An ambitious three-tower residential project called West Village Towers at 9th Ave SW at 10th Street (old Stampede Pontiac site) is another location looking for a major grocery store to locate there, but with Canada Safeway, Calgary Co-op and Community Natural Foods all just blocks away, this will be a tough deal to negotiate.
Anthem Properties has been sitting on their Mcleod Trail 25th Ave SE land (just west of Erlton LRT Station) since 2007. Its proposed development plan calls for a mixed-use development with four residential towers totaling 570,000 sf, (which translates to 600 condos or about 1,000 people). Their website indicates the commercial podium at street level will be anchored by a 75,000 square foot grocery (there is even a computer rendering showing a generic Grocery sign).
The question one has to ask is “Would Sobeys possibly sell their Canadian Safeway site in Mission and open a modern grocery store in Erlton?” There aren’t sufficient residents in Mission, Erlton and Roxboro to support for two grocery stores even with several new residential developments over the next five to ten years.
Peter Edmonds, Director, Marketing tells me Anthem Properties is “currently working with a national grocer (not Sobeys) on a 38,000 square foot store to open within three years and with construction starting on their Erlton Station mixed-use development in the spring of 2016.”
PBA Land & Development recently announce plans for a 100,000 square foot mixed-use project at the corner of 17th Avenue and 1st Street SE, which would include a 15,000 square foot grocery store at street level. If the Erlton Station deal is inked it would be difficult to imagine another grocery store at this location.
While many Calgary urbanites would love to see more grocery stores locate in new developments, the harsh reality is there are already more grocery stores in our greater downtown communities than in most urban centres. The current Canadian Safeway and Calgary Co-op store sites are economically viable in part because they have only owned their land for a long time and they own the building. Trying to operate a viable grocery store in a high rent urban site with limited vehicular and loading access and expensive indoor parking and without a critical mass of residents is a difficult investment to make for the low margin grocery store business.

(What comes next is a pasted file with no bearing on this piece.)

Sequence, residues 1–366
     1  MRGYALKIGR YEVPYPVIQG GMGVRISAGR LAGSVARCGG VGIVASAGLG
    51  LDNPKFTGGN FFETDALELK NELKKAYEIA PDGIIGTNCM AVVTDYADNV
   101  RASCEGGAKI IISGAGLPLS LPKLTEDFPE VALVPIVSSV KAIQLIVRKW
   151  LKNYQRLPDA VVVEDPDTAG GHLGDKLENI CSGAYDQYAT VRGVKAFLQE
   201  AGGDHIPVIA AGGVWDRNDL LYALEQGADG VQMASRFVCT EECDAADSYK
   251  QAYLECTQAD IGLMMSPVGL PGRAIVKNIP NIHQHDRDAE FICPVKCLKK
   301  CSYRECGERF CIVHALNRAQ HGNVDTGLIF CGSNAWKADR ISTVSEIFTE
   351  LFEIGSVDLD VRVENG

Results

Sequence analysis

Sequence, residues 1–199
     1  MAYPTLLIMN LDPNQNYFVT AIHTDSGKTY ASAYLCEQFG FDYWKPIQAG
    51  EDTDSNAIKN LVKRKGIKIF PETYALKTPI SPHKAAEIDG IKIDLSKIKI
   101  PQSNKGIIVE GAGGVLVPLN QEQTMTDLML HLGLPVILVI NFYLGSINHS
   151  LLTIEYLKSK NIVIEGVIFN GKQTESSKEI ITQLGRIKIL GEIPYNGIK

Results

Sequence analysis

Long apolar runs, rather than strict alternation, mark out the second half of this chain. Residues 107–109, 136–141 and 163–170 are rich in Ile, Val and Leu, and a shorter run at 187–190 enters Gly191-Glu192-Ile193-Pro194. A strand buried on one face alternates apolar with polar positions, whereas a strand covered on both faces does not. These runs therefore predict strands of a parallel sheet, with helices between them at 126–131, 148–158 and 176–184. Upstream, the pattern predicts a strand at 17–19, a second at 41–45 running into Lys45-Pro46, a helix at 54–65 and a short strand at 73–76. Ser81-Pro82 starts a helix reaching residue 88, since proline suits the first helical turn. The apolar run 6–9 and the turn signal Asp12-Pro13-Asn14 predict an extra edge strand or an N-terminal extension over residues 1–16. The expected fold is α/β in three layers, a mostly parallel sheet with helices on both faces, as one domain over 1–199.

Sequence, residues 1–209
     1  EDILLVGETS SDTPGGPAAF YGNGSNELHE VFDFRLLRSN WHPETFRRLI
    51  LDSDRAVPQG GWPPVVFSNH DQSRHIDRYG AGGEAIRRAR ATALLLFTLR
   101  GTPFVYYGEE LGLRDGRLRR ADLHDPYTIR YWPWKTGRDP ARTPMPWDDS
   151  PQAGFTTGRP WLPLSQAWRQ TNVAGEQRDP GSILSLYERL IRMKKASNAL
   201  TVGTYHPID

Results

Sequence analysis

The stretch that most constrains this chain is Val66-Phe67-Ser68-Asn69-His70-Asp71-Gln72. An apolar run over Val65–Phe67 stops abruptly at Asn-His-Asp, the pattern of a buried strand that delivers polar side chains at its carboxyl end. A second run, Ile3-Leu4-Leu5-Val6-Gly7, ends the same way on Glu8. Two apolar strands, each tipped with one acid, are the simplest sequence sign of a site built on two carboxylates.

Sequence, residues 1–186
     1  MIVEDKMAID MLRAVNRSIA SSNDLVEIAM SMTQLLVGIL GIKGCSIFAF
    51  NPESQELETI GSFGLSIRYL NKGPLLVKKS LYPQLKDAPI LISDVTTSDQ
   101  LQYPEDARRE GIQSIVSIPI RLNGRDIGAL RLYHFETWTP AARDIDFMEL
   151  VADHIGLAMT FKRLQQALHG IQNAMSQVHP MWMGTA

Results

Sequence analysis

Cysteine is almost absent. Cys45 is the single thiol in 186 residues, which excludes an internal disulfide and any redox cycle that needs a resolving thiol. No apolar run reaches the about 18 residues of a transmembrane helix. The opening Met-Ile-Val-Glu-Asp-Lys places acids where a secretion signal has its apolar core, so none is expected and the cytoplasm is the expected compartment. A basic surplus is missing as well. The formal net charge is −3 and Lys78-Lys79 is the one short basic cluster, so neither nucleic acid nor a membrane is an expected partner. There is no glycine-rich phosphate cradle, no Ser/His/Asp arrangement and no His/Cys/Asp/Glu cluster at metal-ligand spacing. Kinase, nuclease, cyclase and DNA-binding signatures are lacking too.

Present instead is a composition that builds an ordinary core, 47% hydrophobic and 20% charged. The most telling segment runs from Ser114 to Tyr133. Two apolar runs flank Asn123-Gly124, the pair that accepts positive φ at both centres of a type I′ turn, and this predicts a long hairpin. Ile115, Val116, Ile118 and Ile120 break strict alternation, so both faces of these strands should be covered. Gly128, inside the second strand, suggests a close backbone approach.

One former senior executive with a major international grocery store chain told me "people should be careful what they hope for. If we opened a story in Bridgeland, that would probably mean the end of the local mom and pop stores like, Lukes Drug Mart and the Bridgeland Market and we'd become the big bad corporate store. Despite what many think, we are sensitive to our relationship with the communities we serve - they are our customers."
The addition of a Loblaw’s grocery store in East Village and the Urban Fare in the Beltline will dramatically change Calgary’s urban grocery store culture for the next decade making it difficult for any new players for several years. That is just my opinion and I hope I am wrong!
The public should realize developers are working very hard to ink a deal with new grocery store operators, but it isn’t easy, Nobody is going to sign a deal that doesn’t make economic sense for both the developer and the grocer.